We geek out over the latest tech announcements – For anyone who doesn’t work in tech, things like the latest product launch or software update are not important. Tech PR teams keep key dates on our radar to see if we can newsjack technology announcements or breaking stories for our clients. We are always looking for opportunities to join the conversations with media, so if we seem obsessed with tech news, please let us have our moment!

Communication is key – In any good relationship, communication is key. It helps anyone learn more about their date or partner to form a healthy relationship. PR people are master communicators – we have a degree in it. 

First date may feel like a media interview – First dates are often awkward and could have moments of silence – but that’s not as likely with a PR person. Going into the date, we will have created a mental list of question. Like media interviews, we often know what questions to expect. We are pros at creating briefing books for executives to prep them on what to expect. Expect a lot of Q&A on the first date.

We can turn any negative into a positive – Unfortunately not everything goes the way we anticipate in PR. The worst feeling is when you expect a client executive to be featured in an article and they are left out for some reason. While this is frustrating, we know how to make the best out of this situation. If our dinner reservation gets cancelled unexpectedly, we will quickly find a new one and it may be better than the original plans, so no worries about small setbacks.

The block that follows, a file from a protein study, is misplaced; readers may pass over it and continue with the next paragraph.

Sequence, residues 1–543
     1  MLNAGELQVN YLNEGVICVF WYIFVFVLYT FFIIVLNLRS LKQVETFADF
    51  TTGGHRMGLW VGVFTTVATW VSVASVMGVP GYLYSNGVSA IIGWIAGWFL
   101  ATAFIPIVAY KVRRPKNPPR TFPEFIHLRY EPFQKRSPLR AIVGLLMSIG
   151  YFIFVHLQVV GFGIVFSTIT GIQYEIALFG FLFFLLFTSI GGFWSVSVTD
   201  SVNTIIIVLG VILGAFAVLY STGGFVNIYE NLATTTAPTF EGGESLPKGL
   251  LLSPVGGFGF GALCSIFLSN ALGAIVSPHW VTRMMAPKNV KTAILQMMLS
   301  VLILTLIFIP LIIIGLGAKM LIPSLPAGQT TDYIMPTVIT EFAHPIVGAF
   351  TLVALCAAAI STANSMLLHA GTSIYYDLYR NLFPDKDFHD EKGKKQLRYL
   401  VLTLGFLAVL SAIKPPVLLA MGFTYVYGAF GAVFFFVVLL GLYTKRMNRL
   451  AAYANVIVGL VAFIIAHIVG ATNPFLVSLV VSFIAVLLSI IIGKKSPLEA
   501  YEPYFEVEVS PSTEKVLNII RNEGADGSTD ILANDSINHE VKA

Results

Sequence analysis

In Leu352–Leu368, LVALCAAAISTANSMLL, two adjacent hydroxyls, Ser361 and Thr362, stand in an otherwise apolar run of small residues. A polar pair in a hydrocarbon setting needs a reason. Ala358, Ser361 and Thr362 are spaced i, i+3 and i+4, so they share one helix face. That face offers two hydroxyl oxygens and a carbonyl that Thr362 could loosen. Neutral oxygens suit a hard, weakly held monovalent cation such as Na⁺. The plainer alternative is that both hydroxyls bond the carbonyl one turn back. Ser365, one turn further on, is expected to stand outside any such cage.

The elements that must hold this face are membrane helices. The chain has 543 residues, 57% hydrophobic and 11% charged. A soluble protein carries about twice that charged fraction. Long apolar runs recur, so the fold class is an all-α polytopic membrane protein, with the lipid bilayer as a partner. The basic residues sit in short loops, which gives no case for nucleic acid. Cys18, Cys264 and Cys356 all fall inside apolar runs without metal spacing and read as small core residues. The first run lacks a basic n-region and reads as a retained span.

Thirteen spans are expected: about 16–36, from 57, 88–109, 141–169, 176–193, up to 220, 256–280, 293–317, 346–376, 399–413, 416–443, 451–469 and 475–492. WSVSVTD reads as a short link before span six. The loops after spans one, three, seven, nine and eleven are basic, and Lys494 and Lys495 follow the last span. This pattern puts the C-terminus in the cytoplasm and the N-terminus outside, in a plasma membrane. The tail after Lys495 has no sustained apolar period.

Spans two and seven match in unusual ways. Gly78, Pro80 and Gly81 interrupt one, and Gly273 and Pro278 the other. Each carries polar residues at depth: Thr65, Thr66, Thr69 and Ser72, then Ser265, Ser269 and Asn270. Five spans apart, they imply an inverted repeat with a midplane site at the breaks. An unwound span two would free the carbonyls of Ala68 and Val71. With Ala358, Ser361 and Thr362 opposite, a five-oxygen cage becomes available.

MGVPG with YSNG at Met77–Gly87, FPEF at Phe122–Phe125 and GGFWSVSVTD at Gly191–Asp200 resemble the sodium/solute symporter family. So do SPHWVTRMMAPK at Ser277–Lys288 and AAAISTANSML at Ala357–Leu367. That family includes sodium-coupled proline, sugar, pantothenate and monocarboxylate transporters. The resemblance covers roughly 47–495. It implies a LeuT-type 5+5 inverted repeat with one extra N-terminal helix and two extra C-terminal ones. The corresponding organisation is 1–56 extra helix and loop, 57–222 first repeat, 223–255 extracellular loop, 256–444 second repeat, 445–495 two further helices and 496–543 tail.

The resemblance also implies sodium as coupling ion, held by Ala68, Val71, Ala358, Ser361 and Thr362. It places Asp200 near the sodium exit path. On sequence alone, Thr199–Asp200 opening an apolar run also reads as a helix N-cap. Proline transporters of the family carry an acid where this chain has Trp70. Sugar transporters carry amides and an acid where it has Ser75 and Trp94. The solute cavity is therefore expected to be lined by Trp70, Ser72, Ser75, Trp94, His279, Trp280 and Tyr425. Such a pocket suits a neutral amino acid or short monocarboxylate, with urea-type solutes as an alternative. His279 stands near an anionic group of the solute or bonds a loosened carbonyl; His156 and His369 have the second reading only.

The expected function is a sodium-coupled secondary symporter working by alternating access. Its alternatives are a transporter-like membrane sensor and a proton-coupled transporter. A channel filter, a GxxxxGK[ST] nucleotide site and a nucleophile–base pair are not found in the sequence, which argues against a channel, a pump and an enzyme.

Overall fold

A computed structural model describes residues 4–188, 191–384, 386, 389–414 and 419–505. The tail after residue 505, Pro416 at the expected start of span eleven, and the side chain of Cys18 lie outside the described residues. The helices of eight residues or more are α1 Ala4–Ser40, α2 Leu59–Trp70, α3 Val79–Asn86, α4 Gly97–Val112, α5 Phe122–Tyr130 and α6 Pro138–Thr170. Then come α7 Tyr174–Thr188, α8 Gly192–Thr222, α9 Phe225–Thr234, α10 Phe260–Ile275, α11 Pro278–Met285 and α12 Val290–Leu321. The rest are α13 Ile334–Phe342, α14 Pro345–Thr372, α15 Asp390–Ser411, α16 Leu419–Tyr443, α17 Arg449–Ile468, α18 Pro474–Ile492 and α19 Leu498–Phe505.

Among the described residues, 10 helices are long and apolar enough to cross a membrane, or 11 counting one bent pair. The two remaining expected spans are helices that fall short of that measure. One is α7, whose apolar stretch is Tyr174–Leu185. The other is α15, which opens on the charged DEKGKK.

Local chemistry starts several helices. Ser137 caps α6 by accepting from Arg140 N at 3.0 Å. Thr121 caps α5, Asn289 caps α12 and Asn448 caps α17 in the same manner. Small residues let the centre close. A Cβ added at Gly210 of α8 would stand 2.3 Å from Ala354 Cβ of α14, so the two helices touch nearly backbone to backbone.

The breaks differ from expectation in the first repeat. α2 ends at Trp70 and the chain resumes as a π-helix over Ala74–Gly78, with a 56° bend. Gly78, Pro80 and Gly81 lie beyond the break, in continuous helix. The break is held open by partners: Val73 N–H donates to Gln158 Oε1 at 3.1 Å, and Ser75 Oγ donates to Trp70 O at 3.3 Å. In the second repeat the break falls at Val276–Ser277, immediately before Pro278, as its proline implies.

Expect the unexpected – PR is a fast-paced world. We start our day thinking our work is cut out for us. Then 15 more things are thrown at us. Dating a PR pro can be a lot like that. While we are planners, we do know how to handle the unexpected surprises in life. That’s what keeps it fun and interesting!   

Happy Valentine’s Day from all of us at Crenshaw Communications!

The Art Of Analyst Relations: A PR POV

Media relations is a huge part of any PR program, given the third-party validation that comes with earned media. But for B2B companies — particularly in the technology space — sometimes the best way to get in front of a key audience isn’t just with trade and business press, but through industry analyst reports that influence media and customers.

Industry analyst relations (AR) can be a foundation for lead generation. And much like media relations, there are nuances involved. Understanding the art of AR is critical to building relationships with these influencers. With that in mind, here are a few things B2B companies need to know when it comes to AR.

Who are analysts?

Analysts, including those who cover the technology sectors where our clients do business, tend to have very deep knowledge of their areas. Journalists often juggle beats and handle pressing deadlines on a daily basis; analysts, by contrast, are paid to do research and write in-depth reports that may take months. Many are previous practitioners, executives, or researchers in their chosen sectors. 

They typically follow narrow categories or subcategories, from Application Performance Management to Wired and Wireless LAN Access Infrastructure. Even within a sector like ad tech, a publication may have a journalist dedicated to the entire programmatic advertising beat, while an analyst house will have someone specifically dedicated to demand side platforms (DSPs) alone.

Analyst versus journalist end goals